Pope Francis blasts 'haggard' Europe
Pope Francis launched a withering attack Tuesday on a "haggard" Europe, urging it to reclaim global leadership after years of crisis and to take in migrants before the Mediterranean becomes a "vast cemetery".
The Argentine pontiff addressed the European Parliament and Council of Europe during a lightning visit to Strasbourg, during which he called for urgent economic and social change.
Francis, the first non-European pope for more than a millennium, took a harsher tone than the last pontiff to visit the French city, John Paul II, in 1988 at the end of the Cold War.
"Europe seems to give the impression of being somewhat elderly and haggard, feeling less and less a protagonist," the 77-year-old pope told the European parliament.
"We encounter a general impression of weariness and ageing, of a Europe which is now a 'grandmother', no longer fertile and vibrant."
Francis -- whose four-hour trip was the shortest abroad by any pope -- was critical of the growing nationalist and anti-immigration sentiment that has surged in Europe amid economic stagnation and unemployment.
Yet he also seemed to echo some of the complaints by eurosceptic parties that won big in the European Parliament elections in May, when he criticised the EU for failing its citizens and being non-democratic.
"The great ideas which once inspired Europe seem to have lost their attraction, only to be replaced by the bureaucratic technicalities of its institutions," he said.
- 'Vast cemetery' -
However the pope reserved his strongest language to call for a "united response" to the plight of migrants fleeing the Middle East and Africa, more than 3,200 of whom have died trying to reach Europe this year alone.
"We cannot allow the Mediterranean to become a vast cemetery," said the pope, who made a similar appeal during a visit to the Italian island of Lampedusa in 2013 after a major shipwreck.
"The boats landing daily on the shores of Europe are filled with men and women who need acceptance and assistance."
Bells rang out from churches across Strasbourg to mark his visit, including the historic cathedral, where hundreds watched his speech on giant screens.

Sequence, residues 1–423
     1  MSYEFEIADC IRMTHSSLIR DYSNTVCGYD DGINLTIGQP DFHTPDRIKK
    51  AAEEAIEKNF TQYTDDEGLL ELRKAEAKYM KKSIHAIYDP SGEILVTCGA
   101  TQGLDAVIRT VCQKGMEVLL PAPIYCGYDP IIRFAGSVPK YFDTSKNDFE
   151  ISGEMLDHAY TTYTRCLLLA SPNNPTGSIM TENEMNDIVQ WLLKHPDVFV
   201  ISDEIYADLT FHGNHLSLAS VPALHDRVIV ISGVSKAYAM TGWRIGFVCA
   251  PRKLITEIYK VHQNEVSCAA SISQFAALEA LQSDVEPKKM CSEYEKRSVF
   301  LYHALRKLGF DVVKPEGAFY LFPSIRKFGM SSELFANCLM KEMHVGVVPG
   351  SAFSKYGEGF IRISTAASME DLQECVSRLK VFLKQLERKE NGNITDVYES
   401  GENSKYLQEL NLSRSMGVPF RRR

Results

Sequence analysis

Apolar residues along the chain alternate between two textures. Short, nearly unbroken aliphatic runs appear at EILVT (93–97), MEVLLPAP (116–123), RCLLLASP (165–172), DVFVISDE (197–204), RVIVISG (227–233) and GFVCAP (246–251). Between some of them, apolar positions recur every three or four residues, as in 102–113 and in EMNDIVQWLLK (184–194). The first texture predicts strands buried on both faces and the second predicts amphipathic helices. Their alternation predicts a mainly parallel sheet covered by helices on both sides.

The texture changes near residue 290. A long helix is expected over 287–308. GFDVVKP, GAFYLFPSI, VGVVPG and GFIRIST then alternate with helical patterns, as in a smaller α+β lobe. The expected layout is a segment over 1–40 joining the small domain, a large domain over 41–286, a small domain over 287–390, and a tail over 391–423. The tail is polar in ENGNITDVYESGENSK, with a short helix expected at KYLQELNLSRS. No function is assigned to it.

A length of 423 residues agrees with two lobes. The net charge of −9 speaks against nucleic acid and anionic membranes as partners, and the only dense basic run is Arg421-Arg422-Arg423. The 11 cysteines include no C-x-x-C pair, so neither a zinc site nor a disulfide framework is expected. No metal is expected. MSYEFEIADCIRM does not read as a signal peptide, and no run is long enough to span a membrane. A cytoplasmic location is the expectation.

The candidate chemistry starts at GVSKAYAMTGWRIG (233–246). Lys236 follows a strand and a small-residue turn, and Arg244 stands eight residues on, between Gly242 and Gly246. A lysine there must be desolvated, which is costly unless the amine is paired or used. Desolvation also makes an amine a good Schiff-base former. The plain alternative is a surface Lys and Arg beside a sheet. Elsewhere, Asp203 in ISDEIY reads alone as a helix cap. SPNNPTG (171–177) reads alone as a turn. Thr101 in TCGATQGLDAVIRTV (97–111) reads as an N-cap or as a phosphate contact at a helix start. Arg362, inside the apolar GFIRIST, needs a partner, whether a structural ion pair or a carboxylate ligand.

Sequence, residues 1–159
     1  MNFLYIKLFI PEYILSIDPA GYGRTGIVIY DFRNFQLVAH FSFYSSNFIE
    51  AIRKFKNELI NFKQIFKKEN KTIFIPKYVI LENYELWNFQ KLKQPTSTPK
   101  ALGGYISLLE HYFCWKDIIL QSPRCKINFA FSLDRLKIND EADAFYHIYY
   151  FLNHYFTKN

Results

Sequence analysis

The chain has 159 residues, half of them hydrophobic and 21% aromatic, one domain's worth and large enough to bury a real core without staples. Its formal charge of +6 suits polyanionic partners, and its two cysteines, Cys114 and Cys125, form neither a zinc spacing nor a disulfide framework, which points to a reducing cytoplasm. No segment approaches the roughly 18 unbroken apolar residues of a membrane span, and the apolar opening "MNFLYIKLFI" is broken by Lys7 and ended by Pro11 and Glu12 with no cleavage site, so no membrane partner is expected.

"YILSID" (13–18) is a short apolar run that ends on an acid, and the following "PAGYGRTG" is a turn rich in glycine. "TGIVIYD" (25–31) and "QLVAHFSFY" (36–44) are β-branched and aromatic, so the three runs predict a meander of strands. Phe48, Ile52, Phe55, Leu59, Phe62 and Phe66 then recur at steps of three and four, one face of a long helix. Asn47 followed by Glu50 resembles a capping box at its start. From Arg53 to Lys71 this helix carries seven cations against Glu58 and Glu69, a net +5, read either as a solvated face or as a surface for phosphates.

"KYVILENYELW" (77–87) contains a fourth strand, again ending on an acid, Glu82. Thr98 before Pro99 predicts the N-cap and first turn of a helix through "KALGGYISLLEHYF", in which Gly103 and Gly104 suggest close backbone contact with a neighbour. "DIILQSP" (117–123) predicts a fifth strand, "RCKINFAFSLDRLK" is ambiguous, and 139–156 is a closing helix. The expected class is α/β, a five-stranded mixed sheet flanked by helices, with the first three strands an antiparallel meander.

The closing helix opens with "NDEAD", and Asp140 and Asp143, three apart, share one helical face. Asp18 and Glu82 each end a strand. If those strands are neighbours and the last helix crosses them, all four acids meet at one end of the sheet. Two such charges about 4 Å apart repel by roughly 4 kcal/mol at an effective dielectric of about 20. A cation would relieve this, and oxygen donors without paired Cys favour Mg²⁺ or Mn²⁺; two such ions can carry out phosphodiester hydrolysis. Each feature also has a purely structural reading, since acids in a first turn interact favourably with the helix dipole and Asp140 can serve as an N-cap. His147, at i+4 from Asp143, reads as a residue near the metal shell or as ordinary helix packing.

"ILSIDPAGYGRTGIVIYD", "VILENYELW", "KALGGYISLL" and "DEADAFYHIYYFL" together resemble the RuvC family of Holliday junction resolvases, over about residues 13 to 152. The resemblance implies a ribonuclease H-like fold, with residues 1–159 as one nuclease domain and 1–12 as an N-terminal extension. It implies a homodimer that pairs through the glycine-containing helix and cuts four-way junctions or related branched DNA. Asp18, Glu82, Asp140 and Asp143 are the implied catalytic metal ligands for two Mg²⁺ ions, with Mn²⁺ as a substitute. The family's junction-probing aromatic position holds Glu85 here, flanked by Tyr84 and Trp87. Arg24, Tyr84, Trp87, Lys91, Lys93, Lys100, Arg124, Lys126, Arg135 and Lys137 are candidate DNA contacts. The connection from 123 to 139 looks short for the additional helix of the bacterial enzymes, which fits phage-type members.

"The pope comes with a message of peace. He's come to speak to parliamentarians to build a united Europe where there will be respect for everyone," said Melanie Makougang, who was visiting from Cameroon.
But the crowd-loving Francis unusually left his popemobile behind for his trip and dedicated his time to addressing the two European institutions.
The European Parliament divides its time between Brussels and Strasbourg, while the Strasbourg-based Council of Europe was set up after World War II to promote human rights and democracy.
The leader of the world's 1.2 billion Roman Catholics received long standing ovations after his speeches, which followed a flag-raising ceremony and meetings with new European Commission chief Jean-Claude Juncker and outgoing European Council President Herman Van Rompuy.
European Parliament President Martin Schulz, who welcomed Francis to the huge glass and steel building, said his visit was important at a time of "tremendous loss of confidence in the European institutions".
- Tight security -
Security was tight with snipers posted atop buildings and army sniffer dogs sent out to check the area before the pope's arrival by plane from the Vatican, AFP journalists said.
Francis's visit was relatively uneventful compared to 26 years ago when John Paul II was heckled as the "anti-Christ" by the late Northern Ireland Protestant unionist leader Ian Paisley.
But the current pope was not afraid to take on big issues. In his address to the Council of Europe, Francis appeared to allude to the crisis in Ukraine, calling for a "political solution" to end "tensions" in Europe.
"How great a toll of suffering and death is still being exacted on this continent," he said.
Francis also condemned "religious and international terrorism" in Europe and elsewhere.
The pope also spoke out on hot-button topics such as abortion and euthanasia -- particularly after a slew of recent legislative changes in European countries.
His visit had sparked protests in some quarters -- including from a bare-breasted Femen rights group demonstrator who mounted the cathedral altar on Monday -- with critics angry over the decision to invite a religious leader to address a secular body.
© 2014 AFP